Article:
GENEVA, Jan. 24 (Xinhua) -- UN mediator Lakhdar Brahimi will meet delegations from the Syrian government and the opposition separately on Friday, a UN spokeswoman has confirmed.
Alessandra Vellucci from the UN office in Geneva told the media that Brahimi, the UN-Arab League joint special representative for Syria, will meet the Syrian government delegation led by Foreign Minister Walid al-Moallem at 11 a.m. local time (1000 GMT), and talk with the opposition at 4 p.m. (1500 GMT).
"As Mr. Brahimi has announced in Montreux, the process of negotiation didn't go on as foreseen in the beginning," she said, adding the mediator might need a few weeks to prepare for direct talks between the conflicting sides in Geneva.
The international conference on Syria, dubbed Geneva II, kicked off Wednesday in the lakeside Swiss city of Montreux, and formal peace talks between the Syrian government and opposition is slated for Friday in Geneva.
The spokeswoman didn't disclose who should be responsible for the change of schedule. "There have been changes and there will be changes," she said. "For the moment, we are going step by step."
Brahimi met the heads of the two Syrian delegations Thursday afternoon: first Ahmed Jarba, from the opposition Syrian National Coalition, followed by al-Moallem. But there is no immediate report on what was discussed.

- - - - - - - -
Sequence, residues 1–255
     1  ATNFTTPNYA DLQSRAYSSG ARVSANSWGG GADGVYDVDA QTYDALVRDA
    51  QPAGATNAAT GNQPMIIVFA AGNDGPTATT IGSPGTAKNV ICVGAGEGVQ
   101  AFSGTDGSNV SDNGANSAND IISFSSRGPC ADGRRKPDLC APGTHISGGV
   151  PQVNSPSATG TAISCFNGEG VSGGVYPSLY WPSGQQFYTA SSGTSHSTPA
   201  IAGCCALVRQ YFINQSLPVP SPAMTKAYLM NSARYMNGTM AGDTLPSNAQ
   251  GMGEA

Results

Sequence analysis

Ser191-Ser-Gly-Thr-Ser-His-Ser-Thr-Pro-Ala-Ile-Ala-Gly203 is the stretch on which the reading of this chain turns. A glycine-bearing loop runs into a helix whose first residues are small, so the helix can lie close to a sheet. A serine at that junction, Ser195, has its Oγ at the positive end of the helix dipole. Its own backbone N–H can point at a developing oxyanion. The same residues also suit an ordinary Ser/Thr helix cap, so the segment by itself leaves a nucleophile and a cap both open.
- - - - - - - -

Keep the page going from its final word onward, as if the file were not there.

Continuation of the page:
The UN-backed Geneva II aims to end the three-year-long conflict in Syria, which has claimed more than 100,000 lives acoording to the UN. It has brought the bitter rivals together at the negotiating table for the first time.
However, the ministerial meeting in Montreux saw the two sides clash, dampening hopes for a breakthrough in the issue. A focus of the crossfire is the future of Syrian President Bashar al-Assad.
Al-Moallem said upon his arrival in Geneva Tuesday evening that subjects related to the status of the president were "red-lines" and could not be touched. He stressed that anti-terrorism should top the agenda.
At the ministerial meeting on Tuesday, he spoke about atrocities committed by extremists. He told officials from nearly 40 countries that terrorists had ripped Syria apart and accusing them of trying to fan tension in the nation under the cover of revolution.
However, Jarba told reporters Thursday he was looking to a future without al-Assad. SNC had once held it as a precondition to attending the talks.
Later in the day, SNC spokesman Louay Safi accused the government of a lack of goodwill and attempting to run away from political solution.
"They have not committed to the communique until this point. That's why we are waiting until they commit, and then we can talk face-to-face," he said. "How would you negotiate with someone when there is no common ground, no foundation for negotiations?"
He told reporters that Brahimi would "talk to the regime to give their commitment to the framework first."
"Then he will meet us this afternoon to tell us their position," he added.
There are currently no comments from the Syrian government side, but Syrian state television reported al-Moallem told Brahimi that "should serious sessions fail to take place tomorrow, the official Syrian delegation will leave Geneva."
"The Syrian delegation is serious and ready to start (negotiations), but the other side is not," he was quoted as saying.
Diplomats noted the key was to ensure both sides continue talking.
The Syrian government hoped to reach an agreement with the opposition, Syrian Information Minister Omran al-Zohbi told Xinhua.